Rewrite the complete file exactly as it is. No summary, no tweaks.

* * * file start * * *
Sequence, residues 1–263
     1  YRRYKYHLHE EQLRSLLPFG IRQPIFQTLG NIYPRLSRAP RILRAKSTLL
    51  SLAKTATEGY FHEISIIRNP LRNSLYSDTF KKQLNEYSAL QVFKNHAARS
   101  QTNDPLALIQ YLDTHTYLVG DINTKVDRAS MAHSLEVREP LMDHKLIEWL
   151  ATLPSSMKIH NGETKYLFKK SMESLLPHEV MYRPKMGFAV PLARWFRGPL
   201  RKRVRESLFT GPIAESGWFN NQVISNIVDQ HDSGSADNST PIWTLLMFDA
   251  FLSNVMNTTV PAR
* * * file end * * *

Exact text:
Sequence, residues 1–263
     1  YRRYKYHLHE EQLRSLLPFG IRQPIFQTLG NIYPRLSRAP RILRAKSTLL
    51  SLAKTATEGY FHEISIIRNP LRNSLYSDTF KKQLNEYSAL QVFKNHAARS
   101  QTNDPLALIQ YLDTHTYLVG DINTKVDRAS MAHSLEVREP LMDHKLIEWL
   151  ATLPSSMKIH NGETKYLFKK SMESLLPHEV MYRPKMGFAV PLARWFRGPL
   201  RKRVRESLFT GPIAESGWFN NQVISNIVDQ HDSGSADNST PIWTLLMFDA
   251  FLSNVMNTTV PAR